Dawdling Diplomacy Emboldens Terrorists

By Ron Rubin

Published February 28, 2003, issue of February 28, 2003.
  • Print
  • Share Share

When confronted by terrorism, action trumps inaction. So runs the conceptual underpinning of President Bush’s case for military pre-emption. Despite such tough rhetoric, America’s dawdling diplomacy regarding the liberation of Iraq makes it seem as though the president has failed to heed his own rule of statecraft.

Nearly half a year has passed since Bush made the case at the United Nations General Assembly for “disarming” Iraq. More than 100 days ago, Congress voted overwhelmingly in favor of going after Saddam Hussein.

In politics, as in life, everything is in the timing. Yet the administration’s haggling with the U.N. Security Council over resolutions and its hectoring of the hapless inspectors serve both to embolden Saddam and those opinion elites who sanctimoniously reach for the moral high ground in covering up for the Iraqi dictator. The administration, as identified with prevaricating Secretary of State Colin Powell, seems ill fitted to play the game of cold-blooded power politics. Too bad the Democratic Party’s base is weighted so much to the left, because next year’s presidential primaries cry out for a challenge to a vulnerable chief executive from the foreign policy right.

At this stage of history, it has fallen to the United States to maintain the order of world civilization. According to Henry Kissinger’s classic work “Diplomacy,” such leadership is consistent with the rules of international relations. In every century in the modern era, Kissinger claims, one nation has emerged to put its stamp on world statecraft. “Almost as if according to some natural law,” he writes, “in every century there seems to emerge a country with the power, the will, and the intellectual and moral impetus to shape the entire international system in accordance with its own values.” Despite America’s diplomatic destiny, Kissinger holds that no nation has been as reluctant as the United States to interfere in the affairs of other nations.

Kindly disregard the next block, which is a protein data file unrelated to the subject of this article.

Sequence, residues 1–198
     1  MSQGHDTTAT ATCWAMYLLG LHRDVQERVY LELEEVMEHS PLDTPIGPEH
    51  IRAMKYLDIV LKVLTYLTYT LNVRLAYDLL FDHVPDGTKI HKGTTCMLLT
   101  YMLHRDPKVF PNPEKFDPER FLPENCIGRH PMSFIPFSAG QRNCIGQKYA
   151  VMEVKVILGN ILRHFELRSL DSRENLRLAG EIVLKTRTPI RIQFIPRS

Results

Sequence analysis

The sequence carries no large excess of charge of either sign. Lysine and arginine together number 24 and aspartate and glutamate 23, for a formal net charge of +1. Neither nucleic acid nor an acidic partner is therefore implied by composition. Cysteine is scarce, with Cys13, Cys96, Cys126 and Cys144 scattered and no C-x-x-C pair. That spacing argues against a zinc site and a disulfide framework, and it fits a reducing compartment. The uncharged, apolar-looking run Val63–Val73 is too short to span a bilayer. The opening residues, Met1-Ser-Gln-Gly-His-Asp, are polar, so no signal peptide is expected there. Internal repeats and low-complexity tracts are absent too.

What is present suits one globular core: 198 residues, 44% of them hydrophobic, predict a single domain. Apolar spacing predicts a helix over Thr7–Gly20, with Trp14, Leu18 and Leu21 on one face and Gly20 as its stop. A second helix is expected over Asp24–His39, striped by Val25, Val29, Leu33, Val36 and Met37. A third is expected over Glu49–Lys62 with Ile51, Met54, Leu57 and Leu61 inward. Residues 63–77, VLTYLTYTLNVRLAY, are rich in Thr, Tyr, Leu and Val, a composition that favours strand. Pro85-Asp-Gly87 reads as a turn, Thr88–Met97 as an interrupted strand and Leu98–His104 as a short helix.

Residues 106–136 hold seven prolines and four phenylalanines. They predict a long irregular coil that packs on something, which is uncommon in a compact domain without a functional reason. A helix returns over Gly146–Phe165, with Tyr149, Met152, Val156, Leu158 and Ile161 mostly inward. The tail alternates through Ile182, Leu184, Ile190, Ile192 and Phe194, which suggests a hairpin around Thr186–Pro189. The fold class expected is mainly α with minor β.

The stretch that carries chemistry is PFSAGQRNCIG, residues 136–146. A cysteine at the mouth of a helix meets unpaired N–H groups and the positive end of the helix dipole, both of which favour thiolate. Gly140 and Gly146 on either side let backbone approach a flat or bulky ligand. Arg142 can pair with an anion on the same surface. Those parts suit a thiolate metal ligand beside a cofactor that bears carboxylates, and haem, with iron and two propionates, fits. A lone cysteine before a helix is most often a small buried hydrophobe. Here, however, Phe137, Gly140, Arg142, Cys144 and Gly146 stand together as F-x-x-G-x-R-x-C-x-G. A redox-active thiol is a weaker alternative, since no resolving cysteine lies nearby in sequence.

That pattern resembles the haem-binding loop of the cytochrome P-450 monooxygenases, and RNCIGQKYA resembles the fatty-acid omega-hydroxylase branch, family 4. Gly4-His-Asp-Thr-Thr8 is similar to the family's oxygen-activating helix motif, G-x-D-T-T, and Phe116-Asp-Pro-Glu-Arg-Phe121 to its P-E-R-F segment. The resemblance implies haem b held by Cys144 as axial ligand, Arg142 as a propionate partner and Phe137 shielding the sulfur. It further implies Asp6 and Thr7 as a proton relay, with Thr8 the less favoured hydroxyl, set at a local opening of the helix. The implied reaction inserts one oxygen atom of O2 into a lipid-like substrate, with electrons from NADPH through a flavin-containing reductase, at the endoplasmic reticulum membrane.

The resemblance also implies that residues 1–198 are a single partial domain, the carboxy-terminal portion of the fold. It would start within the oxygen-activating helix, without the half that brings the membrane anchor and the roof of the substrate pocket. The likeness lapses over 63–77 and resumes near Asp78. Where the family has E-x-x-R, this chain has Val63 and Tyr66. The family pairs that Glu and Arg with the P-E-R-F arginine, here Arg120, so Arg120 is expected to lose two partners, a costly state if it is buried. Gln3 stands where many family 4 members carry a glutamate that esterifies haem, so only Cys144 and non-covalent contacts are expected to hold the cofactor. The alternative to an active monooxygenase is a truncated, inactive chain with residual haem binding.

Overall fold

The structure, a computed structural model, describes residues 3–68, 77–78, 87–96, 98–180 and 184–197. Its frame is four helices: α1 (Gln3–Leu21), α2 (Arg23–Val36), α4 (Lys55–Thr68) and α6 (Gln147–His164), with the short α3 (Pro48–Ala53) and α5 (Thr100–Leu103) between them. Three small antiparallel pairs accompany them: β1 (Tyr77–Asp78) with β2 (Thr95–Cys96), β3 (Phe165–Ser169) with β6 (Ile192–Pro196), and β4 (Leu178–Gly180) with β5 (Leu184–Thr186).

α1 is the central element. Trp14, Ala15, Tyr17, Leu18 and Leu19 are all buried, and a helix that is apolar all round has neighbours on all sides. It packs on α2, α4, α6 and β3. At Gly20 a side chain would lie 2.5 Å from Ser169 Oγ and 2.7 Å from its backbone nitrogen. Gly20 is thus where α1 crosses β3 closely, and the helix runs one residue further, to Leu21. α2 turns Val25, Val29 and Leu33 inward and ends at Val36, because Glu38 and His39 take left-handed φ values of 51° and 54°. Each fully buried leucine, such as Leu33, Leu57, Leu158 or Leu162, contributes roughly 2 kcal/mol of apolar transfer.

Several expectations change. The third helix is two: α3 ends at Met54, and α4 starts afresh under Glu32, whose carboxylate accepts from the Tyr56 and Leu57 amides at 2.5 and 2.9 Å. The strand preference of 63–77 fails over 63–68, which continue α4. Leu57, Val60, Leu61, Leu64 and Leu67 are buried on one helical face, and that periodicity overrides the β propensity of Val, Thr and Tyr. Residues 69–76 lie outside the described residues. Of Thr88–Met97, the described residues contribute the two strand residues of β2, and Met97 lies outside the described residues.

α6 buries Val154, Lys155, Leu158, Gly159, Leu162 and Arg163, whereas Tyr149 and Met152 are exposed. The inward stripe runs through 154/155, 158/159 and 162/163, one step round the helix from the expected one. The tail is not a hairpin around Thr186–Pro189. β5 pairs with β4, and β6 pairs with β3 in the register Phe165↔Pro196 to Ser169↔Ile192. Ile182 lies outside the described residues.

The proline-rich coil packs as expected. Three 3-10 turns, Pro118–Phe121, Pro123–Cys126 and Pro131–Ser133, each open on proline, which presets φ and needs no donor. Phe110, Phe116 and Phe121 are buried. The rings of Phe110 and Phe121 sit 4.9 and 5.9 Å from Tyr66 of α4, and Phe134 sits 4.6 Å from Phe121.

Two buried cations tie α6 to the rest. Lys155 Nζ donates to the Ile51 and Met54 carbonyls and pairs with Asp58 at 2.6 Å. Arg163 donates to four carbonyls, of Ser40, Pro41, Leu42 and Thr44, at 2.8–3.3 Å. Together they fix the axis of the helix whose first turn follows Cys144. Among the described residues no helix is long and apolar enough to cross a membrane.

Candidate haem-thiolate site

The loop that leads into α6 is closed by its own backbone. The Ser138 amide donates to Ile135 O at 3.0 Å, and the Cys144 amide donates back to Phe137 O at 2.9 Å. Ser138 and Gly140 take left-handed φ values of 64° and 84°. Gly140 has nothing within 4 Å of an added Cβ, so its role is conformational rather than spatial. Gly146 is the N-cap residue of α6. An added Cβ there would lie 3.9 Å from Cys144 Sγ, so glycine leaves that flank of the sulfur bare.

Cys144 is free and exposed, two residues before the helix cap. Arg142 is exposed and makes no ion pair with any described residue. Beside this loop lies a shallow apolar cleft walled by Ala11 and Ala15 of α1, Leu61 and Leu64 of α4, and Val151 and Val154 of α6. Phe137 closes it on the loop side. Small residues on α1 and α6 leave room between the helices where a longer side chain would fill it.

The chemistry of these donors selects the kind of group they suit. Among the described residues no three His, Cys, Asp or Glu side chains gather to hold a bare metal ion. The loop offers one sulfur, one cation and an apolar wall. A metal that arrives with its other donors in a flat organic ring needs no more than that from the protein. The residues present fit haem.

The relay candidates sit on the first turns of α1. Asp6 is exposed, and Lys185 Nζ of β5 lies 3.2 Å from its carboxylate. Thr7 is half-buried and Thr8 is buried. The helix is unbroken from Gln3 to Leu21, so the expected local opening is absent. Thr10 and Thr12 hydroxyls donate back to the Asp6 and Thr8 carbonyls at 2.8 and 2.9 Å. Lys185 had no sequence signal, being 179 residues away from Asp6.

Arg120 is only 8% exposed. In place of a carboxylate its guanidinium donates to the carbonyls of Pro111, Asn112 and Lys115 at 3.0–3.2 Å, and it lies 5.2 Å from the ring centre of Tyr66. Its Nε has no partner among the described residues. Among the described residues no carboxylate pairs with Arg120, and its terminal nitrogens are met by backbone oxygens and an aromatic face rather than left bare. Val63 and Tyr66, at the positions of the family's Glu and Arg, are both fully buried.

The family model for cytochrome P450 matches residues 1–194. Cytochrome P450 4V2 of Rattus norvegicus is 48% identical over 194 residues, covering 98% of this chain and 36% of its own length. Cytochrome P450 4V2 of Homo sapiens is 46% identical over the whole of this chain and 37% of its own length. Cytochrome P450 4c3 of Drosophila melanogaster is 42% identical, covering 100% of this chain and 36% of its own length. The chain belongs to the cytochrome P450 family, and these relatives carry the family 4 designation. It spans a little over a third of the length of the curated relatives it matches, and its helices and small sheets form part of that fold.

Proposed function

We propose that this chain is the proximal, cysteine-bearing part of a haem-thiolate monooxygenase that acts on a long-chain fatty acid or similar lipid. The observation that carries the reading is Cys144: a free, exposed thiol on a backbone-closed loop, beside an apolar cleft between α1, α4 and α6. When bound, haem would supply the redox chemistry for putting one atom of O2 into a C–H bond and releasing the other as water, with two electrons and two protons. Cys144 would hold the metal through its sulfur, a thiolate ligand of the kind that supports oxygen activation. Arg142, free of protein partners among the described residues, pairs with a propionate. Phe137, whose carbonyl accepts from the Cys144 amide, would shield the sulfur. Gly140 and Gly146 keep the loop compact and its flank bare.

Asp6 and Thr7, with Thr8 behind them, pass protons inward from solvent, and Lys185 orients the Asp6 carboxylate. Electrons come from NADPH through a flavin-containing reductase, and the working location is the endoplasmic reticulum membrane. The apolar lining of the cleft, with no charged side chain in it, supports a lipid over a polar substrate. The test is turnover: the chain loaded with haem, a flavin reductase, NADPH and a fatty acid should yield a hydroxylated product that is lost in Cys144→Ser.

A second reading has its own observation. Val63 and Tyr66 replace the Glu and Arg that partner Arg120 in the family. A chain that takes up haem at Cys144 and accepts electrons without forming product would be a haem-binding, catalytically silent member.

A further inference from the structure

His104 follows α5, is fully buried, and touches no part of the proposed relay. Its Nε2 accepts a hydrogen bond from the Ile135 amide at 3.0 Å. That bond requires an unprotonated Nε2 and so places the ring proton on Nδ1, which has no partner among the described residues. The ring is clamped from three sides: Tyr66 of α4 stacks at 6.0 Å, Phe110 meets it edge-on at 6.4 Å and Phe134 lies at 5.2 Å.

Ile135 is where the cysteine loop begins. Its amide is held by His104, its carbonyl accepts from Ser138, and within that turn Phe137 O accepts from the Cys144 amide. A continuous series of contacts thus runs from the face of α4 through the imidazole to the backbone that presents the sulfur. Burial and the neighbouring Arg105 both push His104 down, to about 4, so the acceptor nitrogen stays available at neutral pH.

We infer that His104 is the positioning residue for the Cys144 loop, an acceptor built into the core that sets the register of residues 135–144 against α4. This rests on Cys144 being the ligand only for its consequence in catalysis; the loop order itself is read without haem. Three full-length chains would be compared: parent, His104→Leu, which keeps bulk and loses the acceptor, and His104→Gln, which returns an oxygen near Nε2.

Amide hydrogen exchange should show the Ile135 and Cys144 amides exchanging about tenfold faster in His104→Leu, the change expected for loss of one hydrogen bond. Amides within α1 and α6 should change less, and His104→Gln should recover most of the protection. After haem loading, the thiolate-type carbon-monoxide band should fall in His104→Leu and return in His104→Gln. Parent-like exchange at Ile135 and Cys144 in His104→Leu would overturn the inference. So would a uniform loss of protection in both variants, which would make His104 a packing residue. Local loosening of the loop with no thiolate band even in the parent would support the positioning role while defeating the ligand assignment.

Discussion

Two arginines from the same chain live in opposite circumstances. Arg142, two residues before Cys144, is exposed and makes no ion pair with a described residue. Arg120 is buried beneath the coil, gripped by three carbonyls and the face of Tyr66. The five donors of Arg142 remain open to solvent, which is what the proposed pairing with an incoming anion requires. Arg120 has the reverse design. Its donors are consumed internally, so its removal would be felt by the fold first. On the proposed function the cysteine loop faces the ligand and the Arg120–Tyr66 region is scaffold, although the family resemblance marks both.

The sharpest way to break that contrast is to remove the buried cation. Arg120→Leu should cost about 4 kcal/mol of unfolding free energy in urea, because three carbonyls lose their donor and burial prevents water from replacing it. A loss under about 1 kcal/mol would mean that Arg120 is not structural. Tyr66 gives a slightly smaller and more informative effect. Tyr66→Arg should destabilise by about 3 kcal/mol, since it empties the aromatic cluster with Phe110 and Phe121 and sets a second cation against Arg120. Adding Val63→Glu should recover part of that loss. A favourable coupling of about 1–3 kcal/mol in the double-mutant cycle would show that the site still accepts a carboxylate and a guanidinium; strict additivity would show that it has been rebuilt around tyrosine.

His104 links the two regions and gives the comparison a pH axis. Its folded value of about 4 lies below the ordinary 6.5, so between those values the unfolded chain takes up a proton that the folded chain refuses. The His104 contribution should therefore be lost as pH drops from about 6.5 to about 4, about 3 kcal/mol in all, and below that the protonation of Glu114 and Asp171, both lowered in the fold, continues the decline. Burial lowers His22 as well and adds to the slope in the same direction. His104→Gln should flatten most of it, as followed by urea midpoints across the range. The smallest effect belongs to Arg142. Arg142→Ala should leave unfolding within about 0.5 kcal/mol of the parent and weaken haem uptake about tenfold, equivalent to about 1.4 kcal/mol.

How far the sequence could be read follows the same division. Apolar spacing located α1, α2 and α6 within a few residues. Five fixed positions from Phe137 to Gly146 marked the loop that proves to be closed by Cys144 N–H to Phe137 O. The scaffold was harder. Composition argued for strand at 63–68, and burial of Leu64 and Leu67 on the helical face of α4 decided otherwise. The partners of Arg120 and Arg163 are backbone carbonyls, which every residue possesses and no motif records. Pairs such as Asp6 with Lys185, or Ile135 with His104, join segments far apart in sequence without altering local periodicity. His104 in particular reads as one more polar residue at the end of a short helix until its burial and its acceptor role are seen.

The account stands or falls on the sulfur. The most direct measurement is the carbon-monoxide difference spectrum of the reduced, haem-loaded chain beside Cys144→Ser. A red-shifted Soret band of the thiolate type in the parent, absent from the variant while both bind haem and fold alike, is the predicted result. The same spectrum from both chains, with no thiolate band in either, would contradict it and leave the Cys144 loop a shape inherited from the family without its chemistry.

When political bullies and the variegated forces of anti-Americanism sense a disconnect between the rhetoric and action of a would-be crusader nation, the power of the latter languishes. As a result of Bush’s diplomatic shuffle since last fall, American power has dropped. This image of an indecisive leadership threatens American security and world order. Thus, Osama bin Laden had no reluctance to resurface in a broadcast calling for renewed jihad. With a straight face, the North Korean despot Kim Jong Il threw out U.N. arms inspectors and admitted lying about not developing nuclear weapons. Yasser Arafat continues to dangle in power, somehow exempt from the calls for regime change in the Middle East.

Bush’s uncertain leadership has laid the basis for the confluence of attacks on American intentions by the self-appointed representatives of public opinion. To be sure, it does not take much to ignite the latent anti-Americanism from the morally self-righteous, the jealous and the Muslim fundamentalists. But within the mob are those good and innocent people whose values will never be the same once they have acquiesced to the brazen insults directed at the world’s main beacon of freedom. A resolute American-led invasion of Iraq would have avoided such self-doubt and embarrassment about this nation’s intentions.